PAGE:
Many forums that are not specifically dedicated to lolcats still welcome their presence.  Saturday, which has been dubbed “Caturday” by lolcat enthusiasts, is the best time to find lolcats on those forums.

The quality of images that are used for cat macros is not strict; professional photographs to digital images taken from cell phones are all welcome.  The cats in the images are often shown at play, although a skilled caption-writer can make a macro from an image of cat sitting still or sleeping.  Captions are traditionally written in a simple bold font like Impact, with white letters that have black outlines, although this is not always strictly adhered to.  While entirely original captions and images are not unheard of in lolcat communities, many images are recycled multiple times and most captions refer to older captions, either in a direct or formulaic sense.

Many people who use the internet with any level of frequency have come across lolcats at some point.  Other individuals seek out lolcats specifically, participating in communities or forums where lolcats are encouraged.  For this reason, it is difficult to determine where the role of ‘artist’ stops and starts in the lolcat realm.  Multiple people may contribute to the creation of a single lolcat, and many more will inevitably respond with compliments or criticism.  However, no rules exist in terms of lolcats, and the taste of the community continually evolves based on variations from individuals.  Through this process, the aesthetic of lolcats is communally decided upon while remaining open to individual expression.  As Raymond Williams put it,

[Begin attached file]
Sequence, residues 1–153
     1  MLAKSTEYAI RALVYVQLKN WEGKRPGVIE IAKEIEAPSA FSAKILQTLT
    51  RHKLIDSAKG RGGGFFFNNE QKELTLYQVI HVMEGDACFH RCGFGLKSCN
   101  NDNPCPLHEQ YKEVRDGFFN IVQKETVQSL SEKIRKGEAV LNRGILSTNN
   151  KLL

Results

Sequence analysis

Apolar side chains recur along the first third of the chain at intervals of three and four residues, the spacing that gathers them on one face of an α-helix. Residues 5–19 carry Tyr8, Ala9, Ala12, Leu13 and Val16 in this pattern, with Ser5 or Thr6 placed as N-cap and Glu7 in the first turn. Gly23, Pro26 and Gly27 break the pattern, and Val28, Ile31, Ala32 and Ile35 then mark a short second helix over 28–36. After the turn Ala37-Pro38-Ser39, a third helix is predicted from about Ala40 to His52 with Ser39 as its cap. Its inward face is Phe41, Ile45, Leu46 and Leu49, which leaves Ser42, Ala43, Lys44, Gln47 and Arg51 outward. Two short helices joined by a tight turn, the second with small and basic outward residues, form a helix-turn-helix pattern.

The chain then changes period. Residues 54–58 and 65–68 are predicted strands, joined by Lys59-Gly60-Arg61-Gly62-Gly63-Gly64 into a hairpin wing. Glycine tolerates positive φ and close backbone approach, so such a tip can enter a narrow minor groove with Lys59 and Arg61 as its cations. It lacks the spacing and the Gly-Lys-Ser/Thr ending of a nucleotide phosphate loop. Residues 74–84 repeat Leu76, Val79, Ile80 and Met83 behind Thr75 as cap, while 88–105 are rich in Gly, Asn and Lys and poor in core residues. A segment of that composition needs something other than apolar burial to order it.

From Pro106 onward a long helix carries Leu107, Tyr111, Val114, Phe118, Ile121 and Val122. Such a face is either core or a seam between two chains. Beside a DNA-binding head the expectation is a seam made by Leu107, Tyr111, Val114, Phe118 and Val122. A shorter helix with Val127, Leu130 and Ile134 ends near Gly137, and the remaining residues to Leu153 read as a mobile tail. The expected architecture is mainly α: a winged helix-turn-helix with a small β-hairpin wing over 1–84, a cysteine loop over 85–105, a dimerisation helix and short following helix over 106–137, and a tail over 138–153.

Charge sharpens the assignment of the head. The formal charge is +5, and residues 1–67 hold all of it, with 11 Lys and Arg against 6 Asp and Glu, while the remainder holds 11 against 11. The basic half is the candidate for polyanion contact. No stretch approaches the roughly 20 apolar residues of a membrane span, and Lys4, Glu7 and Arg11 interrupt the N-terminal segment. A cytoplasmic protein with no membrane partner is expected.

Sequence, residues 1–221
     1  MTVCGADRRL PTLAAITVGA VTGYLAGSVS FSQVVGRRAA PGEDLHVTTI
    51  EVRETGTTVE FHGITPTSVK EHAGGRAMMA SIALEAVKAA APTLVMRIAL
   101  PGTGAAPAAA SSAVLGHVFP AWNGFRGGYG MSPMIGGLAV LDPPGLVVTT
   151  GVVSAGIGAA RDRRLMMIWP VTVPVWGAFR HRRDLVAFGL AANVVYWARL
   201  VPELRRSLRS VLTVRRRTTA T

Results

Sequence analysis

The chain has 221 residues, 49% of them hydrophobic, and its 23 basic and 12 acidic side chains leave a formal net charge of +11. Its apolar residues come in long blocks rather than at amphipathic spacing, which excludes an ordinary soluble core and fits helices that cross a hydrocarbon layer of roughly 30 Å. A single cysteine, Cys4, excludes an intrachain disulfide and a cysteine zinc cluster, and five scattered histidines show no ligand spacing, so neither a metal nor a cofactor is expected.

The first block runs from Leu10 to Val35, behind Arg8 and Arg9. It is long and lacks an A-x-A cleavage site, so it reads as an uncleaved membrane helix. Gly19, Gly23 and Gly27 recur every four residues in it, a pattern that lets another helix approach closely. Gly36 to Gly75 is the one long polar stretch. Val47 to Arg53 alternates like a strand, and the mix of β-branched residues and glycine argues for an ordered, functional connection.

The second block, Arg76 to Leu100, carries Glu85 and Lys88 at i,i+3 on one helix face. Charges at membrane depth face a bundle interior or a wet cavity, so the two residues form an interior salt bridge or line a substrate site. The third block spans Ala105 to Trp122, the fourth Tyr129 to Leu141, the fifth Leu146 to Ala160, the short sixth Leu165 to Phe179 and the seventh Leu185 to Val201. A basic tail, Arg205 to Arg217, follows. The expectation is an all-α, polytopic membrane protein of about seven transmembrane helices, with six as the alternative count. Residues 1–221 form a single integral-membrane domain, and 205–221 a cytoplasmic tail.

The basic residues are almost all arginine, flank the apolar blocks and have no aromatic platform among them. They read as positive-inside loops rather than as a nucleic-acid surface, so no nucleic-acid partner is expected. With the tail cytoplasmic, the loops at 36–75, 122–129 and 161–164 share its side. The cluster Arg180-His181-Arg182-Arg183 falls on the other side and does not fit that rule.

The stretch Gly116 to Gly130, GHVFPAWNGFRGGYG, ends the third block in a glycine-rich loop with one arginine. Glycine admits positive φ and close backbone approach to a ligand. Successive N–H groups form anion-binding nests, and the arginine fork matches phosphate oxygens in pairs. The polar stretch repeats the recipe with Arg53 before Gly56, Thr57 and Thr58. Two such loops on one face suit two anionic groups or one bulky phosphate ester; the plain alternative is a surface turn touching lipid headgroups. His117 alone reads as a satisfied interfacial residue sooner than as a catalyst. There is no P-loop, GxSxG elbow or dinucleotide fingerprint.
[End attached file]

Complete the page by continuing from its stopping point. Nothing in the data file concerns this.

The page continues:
A culture has two aspects: the known meanings and directions, which its members are trained to; the new observations and meanings, which are offered and tested.  These are the ordinary processes of human societies and human minds, and we see them through the nature of a culture: that it is always both traditional and creative; that it is both the most ordinary common meanings and the finest individual meanings.

In this way, it is easy to see lolcats as a traditional expressive practice that utilizes modern technology, or even as art (!!!).

Lolcats and Demotivationals

Lolcats and Harry Potter

Lolcats IRL

Lolcats as Memorials

Lolcat Style

Collector’s Picks

Lolcat Characters:

Happycat

Serious Cat

Ceiling Cat

Basement Cat

Longcat

Caption forms:

My (noun): Let me show you it

Om nom nom nom

Want/Do Not Want

(Noun or adjective) Cat is…

I has a (noun)

In ur base, killin ur d00dz

Invisible (noun)

Works Cited:

Becker, H. S. (1982). Editing. In Art worlds. Berkeley: University of California Press. 

Williams, R. (2000). Culture is ordinary. In G.Bradford & G. Wallach (Eds), The politics of culture: Policy perspectives for individuals, institutions, and communities (pp. 16-19). New York, NY: The New Press.

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One Comment leave one →
  1. Micah Bowling permalink
    March 17, 2011 11:14 pm

    This really is an amazing field guide! Anytime I’m unsure of a lolcat reference this is where I go.